It's easy to set up and use the Belkin Double N+ Wireless Router, but its interface is slow and unresponsive at times and its physical design could be better, too.
The Belkin Double N+ has two external antennas, a front panel that can almost light up a room (luckily you can dim the lights), and it has a built-in stand that prevents you from put it down flat or wall-mounting it - we'd prefer a removable stand. The rear has a WAN port, four Ethernet ports, and there is a USB port that can accommodate an external hard drive or USB key.
Belkin Double N+ setup
Setting up the Belkin Double N+ Wireless Router is a relatively painless task: all you have to do is plug in your modem (if you're using a modem with its own built-in router, then be sure to switch off the router function or set the modem to bridged mode) and feed the router your ISP login details. There is no connect/disconnect button, which is annoying, but as long as the login details are correct and there is nothing wrong with your line, the router will always automatically connect within a few seconds.
Setting up the wireless networks is a little tedious, as you have to click on four separate pages in order to set up both the 2.4GHz and 5GHz SSIDs and their respective security details. WiFi Protected Setup (WPS) is supported via a physical button on the front of the panel and it works for both frequencies. This can make wireless set up a more straightforward task if your network adapters support WPS, either via a physical button or PIN.
Faster wireless networking using 5GHz
Dual-band routers (such as Netgear's WNDR3700 and Linksys' WRT610N) haven't taken the world by storm yet, primarily because you need to spend more money upgrading your network. However, there is a need for them, especially if you live in an area that already has plenty of 2.4GHz traffic flying around; it can give your devices a clearer path and therefore provide better speed.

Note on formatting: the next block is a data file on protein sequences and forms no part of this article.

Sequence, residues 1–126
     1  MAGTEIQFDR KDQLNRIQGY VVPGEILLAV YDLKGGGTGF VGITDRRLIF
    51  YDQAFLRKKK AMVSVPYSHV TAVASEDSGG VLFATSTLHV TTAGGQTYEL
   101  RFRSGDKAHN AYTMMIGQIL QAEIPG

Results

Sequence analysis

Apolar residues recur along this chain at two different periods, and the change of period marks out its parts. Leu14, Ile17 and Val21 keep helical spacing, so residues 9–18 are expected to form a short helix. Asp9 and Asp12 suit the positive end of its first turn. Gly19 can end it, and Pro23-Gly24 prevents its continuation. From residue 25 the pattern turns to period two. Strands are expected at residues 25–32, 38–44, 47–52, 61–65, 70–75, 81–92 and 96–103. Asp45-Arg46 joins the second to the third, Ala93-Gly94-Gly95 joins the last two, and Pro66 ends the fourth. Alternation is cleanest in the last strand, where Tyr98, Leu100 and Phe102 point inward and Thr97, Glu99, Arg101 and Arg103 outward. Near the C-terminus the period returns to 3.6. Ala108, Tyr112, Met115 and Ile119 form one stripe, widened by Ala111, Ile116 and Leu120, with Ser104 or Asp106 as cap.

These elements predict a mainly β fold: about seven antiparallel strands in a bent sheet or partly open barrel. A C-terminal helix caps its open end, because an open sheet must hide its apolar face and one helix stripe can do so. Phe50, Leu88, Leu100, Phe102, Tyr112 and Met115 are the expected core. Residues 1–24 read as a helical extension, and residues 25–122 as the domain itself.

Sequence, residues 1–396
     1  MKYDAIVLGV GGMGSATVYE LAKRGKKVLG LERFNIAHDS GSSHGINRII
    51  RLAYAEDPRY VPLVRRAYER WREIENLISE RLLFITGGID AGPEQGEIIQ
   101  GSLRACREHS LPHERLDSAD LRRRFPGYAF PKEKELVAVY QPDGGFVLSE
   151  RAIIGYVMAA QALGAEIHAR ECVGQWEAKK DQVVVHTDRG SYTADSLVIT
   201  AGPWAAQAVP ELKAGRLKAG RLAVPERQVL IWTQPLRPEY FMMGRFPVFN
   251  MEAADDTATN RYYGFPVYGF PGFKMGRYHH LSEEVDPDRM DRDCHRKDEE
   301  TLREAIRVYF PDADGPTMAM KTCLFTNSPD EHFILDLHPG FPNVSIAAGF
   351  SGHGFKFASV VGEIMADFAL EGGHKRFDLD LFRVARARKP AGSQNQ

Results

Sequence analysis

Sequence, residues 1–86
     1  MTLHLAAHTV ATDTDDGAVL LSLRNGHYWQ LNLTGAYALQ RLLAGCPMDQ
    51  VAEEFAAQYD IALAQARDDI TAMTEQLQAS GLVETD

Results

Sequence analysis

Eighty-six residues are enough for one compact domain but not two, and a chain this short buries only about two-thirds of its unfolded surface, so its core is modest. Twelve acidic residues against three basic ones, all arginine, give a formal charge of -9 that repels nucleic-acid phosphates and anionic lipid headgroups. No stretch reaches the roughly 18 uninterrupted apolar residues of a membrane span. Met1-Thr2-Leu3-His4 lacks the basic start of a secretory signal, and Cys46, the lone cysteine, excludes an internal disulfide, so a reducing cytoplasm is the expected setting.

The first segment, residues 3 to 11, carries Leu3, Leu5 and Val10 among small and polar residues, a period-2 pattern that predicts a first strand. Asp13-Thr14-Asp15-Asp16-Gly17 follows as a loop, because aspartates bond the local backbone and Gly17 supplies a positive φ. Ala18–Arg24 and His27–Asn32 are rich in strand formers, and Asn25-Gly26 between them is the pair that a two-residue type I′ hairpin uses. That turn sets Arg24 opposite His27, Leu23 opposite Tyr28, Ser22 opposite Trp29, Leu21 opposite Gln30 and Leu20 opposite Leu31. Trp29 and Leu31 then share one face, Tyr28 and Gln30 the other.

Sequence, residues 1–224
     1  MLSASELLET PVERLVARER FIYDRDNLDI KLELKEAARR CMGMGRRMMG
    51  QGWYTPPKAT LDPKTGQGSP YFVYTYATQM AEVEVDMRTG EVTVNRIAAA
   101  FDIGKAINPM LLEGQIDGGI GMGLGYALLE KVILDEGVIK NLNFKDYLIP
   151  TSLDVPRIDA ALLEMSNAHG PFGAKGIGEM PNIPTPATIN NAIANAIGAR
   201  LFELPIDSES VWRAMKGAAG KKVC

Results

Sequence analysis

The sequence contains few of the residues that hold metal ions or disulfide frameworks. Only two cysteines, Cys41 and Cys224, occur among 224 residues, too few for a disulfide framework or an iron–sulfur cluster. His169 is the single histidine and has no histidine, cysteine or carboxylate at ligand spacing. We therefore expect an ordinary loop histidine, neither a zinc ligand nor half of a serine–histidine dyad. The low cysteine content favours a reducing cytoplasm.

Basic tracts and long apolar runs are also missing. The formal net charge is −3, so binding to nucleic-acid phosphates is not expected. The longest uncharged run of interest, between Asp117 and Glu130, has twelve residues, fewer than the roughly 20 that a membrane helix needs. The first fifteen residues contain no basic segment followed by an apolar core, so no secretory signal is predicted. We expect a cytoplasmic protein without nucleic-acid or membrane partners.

The dual-band 2.4GHz and 5GHz operation is useful if you want a dedicated radio band for certain computers and media devices on your network, although you will need computers and devices that have a 5GHz radio as well. For example, you could stream a video to your PS3 using the 2.4GHz network, while using the 5GHz network to conduct other file transfers between your computers.
Each network will be separate and unaffected by the other's traffic. Whether you are using the 2.4GHz radio to stream data or not, the data rate on the 5GHz network will not be affected.
This was shown during our tests, in which we were able to transfer files across the 5GHz network at a rate of 7.47 megabytes per second (MBps) whether or not the 2.4GHz network was being used. The same file transfer on the 2.4GHz network averaged 5.96MBps, so you are better off using the 5GHz network for streaming and gaming where possible. It will likely be exposed to less interference and therefore run quicker. It will also give you faster throughput across longer distances: from 15m away, the 2.4GHz network averaged 3.37MBps whereas the 5GHz network averaged 5.61MBps.
You can get a Belkin USB adaptor such as the Double N+ USB adaptor to plug in to your notebook or PC if your computer doesn't already support both bands. If you have an Xbox 360, then you can use Microsoft's Xbox 360 Wireless N Networking Adaptor to take advantage of the router's 5GHz capability. If you own a PlayStation 3, you can connect it via Ethernet to a 5GHz-enabled gaming adaptor such as the Linksys WGA600N.